An African Influencer rejects Woke Culture

A Zimbabwean-born London based mind set coach, Africa Brooke, has had something of an epiphany a wake-up call if you like and her message to the woke culture; go ahead and count me out.

This is not another treatise on the subject, sure, there’s the way she sees it all now, but it is one woman’s account of a journey detailing just what it was that caused her to turn her back on groupthink and embrace liberty, as we witness the shackles literally fall off.

Africa is perplexed at how progressives manage to pair identity with oppression in most parts of the West saying; a world that tells me because I inhabit a black body I am forever oppressed and at the mercy of some omnipresent monster called ‘whiteness’.​

As Africa opines; it is not what you call empowering stuff.

She stresses that being from Zimbabwe she understands oppression as the whole population is oppressed.

Africa Brooke dreads a world where context, nuance, critical thinking, meritocracy, mathematics, science, and rationality are considered tools of ‘white supremacy’.

The bottom line being you shouldn’t argue about such things especially if you are white.

‘This absolutist, authoritarian world is being fiercely crafted under the guise of ‘social justice’, and I want no parts in this. I AM OUT’.​

‘I think it is key that we begin to accept that black people don’t all share a singular experience, nor do we share the same brain.​

Shocking, I know.​

I’m so happy that many black people in my life, including my family who spend very little time online, are willing to have healthy debates, and couldn’t give a crap about identity politics; they have really helped me free myself from the dogmatic thinking’.​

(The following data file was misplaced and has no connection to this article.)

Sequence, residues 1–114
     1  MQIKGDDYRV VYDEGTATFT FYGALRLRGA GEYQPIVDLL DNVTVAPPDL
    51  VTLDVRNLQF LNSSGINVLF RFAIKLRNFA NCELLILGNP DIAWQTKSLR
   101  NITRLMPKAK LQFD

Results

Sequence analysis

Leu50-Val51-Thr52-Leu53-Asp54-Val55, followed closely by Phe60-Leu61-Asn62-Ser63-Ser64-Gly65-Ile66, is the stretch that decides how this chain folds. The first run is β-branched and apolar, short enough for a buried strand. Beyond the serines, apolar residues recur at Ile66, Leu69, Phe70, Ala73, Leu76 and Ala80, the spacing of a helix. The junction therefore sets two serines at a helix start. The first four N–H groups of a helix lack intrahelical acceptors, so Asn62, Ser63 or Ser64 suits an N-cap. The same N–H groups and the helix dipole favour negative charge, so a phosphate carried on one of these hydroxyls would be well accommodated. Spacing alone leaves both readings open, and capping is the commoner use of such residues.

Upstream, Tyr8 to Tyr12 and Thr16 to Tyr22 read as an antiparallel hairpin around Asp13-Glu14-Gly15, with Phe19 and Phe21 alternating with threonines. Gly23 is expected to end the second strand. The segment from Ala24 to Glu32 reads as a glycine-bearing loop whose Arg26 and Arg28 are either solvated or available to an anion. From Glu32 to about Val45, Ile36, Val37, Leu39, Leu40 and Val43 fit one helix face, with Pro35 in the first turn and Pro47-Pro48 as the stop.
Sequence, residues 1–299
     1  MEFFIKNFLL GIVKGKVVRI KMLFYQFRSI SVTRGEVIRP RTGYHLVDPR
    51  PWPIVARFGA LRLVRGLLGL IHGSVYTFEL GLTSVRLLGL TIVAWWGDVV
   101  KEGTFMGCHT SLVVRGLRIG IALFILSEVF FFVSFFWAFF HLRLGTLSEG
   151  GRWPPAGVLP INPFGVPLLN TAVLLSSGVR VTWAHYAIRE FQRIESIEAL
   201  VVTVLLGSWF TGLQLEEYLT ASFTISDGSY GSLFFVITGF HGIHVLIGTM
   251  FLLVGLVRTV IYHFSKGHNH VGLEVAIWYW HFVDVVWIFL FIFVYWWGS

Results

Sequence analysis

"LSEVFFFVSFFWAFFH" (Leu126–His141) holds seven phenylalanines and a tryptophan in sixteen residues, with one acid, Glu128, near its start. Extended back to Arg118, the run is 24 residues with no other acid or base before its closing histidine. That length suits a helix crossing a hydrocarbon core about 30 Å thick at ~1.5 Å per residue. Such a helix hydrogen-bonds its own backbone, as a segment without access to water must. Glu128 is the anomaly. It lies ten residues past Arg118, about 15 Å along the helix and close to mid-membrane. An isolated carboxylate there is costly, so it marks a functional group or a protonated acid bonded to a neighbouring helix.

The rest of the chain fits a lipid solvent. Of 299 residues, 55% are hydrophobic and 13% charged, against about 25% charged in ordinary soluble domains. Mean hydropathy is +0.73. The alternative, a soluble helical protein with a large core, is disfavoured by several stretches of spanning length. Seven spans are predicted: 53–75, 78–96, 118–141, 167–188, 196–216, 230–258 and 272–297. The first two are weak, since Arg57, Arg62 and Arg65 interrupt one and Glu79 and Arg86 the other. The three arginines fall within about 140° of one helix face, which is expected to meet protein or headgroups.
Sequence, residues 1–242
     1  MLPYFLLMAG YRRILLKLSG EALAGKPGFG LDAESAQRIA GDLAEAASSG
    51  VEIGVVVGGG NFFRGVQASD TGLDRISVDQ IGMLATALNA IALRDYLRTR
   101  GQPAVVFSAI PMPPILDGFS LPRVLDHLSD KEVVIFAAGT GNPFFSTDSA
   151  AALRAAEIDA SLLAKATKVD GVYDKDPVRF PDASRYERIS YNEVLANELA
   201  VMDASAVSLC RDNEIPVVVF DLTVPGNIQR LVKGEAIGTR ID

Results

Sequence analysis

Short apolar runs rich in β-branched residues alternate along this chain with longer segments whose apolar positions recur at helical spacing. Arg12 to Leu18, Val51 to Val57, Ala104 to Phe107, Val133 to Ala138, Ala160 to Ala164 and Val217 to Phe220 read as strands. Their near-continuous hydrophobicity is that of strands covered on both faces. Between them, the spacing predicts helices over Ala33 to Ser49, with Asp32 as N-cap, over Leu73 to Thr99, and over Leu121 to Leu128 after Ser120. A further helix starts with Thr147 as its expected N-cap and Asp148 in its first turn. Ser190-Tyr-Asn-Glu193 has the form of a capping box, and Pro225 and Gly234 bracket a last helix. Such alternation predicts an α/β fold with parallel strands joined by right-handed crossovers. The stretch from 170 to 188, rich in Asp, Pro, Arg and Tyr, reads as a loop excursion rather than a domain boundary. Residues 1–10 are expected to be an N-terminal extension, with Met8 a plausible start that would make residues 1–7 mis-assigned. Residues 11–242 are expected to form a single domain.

What is worrying though is how many more of us feel afraid to talk to our own friends, our partners, our spouses, our colleagues, our family — of fear of being branded as ‘wrong-thinkers’.

How are we supposed to understand each other if we’re living in constant fear of saying the ‘wrong’ thing?​

It’s even harder if you’re white because there’s usually someone just waiting to call you racist. According to the woke manual, if you’re white you’re supposed to just accept that label and if you do question it or defend yourself, it’s taken as confirmation that you ARE in fact a white supremacist in this funny old world. ​

Of course, there are those who buy into the victim narrative of oppression because it suits them just fine on both a personal and political level because social cred translates into personal gain and all that.

It is also psychological warfare in the form of insidious brainwashing.

Africa’s core message is; I reject the idea that I am a victim. I reject the idea that I am oppressed.​

Indeed, woke-isim swaps a supposed from of supremacy for a real albeit manufactured one.

Identity politics is the cult of group worship and by association that of the self.

Africa attributes her spiritual awakening to last summer at the height of the Black Lives Matter Movement in her own words; I noticed a shadowy part of me emerging and although I didn’t judge it, I wasn’t comfortable with what was coming up.​

All the critical social justice dogma I’d been consciously and unconsciously imbibing over the past 2 years began taking a HUGE toll on my mental health, and I hadn’t even realized that I wasn’t functioning as a full human being — until it reached its peak.​

The unpleasant internal experience I had is what led me where I am now, which is why I’m a firm believer that welcoming discomfort in is one of the most loving things you can do for yourself.​

On social media at that time I was DEEP into various social justice echo chambers that shared more than enough infographics, stories, feed posts, IG LIVES, to make my fight or flight response go nuts. I was in constant fight mode, and wasn’t aware.​